I recently read an article in my alumni magazine that featured a Dr. Jim Tucker, a psychiatry professor at the UVA Medical Center of Perceptual Studies. The article described a young boy who had dreams of a past life, one that was so recent that his parents were able to glean, from the details that he provided, an actual person who the young boy ultimately indicated was him. What I found so extraordinary about this is that actual scientific research is being done on the phenomenon of past lives.
Tucker’s research is based on more than 2,500 case files accumulated by himself and his predecessor. Most scientists would not give his field of interest much time simply because there is no way to prove or disprove Tucker’s findings. However, the research does beg a lot of questions, many which we pose to ourselves often enough with regards to God and religion.
This particular article grabbled my attention because I find this stuff fascinating, and also because my most recently completed novel touches on the idea of near-death experiences. I keep an open mind about most things (except Brussel sprouts and selfies while driving) and this is one that I, at one time about fifteen years ago, personally explored.
My wife at the time and I had some time on our hands (obviously BC), and we saw a flyer indicating a past-life regression session that would be taking place at one of these community center-type places in the Valley. Fifteen bucks, how could you say no?
When we arrived, there were six of us who had shelled out for the experience. After a little preliminary talk about past-lives, the woman who would be sending us under started the process. We were instructed to lie down on the floor and relax. She began the hypnosis steps of telling us to breath slowly, imagine a calm peaceful place and then she told us to imagine stairs and to go down them. Slowly, she brought us to the bottom stair, and she said to imagine a door there and when we walked through, we’d be in our past life.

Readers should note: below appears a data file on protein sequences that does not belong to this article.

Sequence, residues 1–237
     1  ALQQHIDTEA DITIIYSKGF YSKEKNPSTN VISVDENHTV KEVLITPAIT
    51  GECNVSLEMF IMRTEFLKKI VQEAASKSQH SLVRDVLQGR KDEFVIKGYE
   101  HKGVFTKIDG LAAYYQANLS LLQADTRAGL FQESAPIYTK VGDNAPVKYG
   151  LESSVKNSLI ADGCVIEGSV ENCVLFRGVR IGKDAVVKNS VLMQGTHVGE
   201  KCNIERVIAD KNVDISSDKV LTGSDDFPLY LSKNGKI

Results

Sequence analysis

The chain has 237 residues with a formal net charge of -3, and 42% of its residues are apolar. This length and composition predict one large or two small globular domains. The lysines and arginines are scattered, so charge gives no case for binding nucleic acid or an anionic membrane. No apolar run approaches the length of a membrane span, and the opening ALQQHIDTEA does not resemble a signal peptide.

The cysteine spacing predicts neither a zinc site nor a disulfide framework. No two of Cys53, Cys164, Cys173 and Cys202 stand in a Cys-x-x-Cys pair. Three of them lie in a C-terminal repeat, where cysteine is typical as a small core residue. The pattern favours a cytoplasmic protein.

By this time, I was completely relaxed and could actually see the door and, when I opened it, I was in an open field, sun shining overhead in a clear blue sky. In the distance, I could see horses approaching. From what I could see, the riders wore medieval garb. Not knights in shining armor, but clothing from that period.
The next thing I remember I was walking through a narrow street in a small village, at times speaking with peddlers. They seemed to know me.
Next I found myself in a town square. I was with a woman, who I felt was my wife, and we were confronted by a man dressed all in black. It was someone from my wife’s past (again, that’s what I felt as I looked at him) who attacked and kill my wife. I was unable to stop him. Oddly enough, although I definitely felt like I was in the town square, I could also feel tears rolling down the side of my face as I looked down into hers; actual tears on my face back where I lay on the floor in a room of that community center.
The last image I had was me in a room in my house, a large one, possibly a castle, but that was only a feeling (maybe wishful feeling), mourning over the loss of my wife.
What conclusions do I have from this? Well, it was certainly an interesting experience. Obviously, I can’t definitively say whether this was a past-life or simply something my mind dreamed up while I was under hypnosis. Did I want to have something to show up, so I imagined this or was it an actual glimpse into a previous life? It certainly seemed real enough that it brought me to tears, but I also cried when Mark Wahlberg scored that touchdown in the movie “Invincible”. Who knows what makes me tick?
Was I some medieval lord? Or was I simply looking to get my fifteen bucks worth? No way to know, but for those that do believe it’s possible (and maybe I’m one), you can be one of those that says — YOL(MT)O – You Only Live (More Than) Once.
Until Next Time – Don’t Look Down
by W. Darrah Whitaker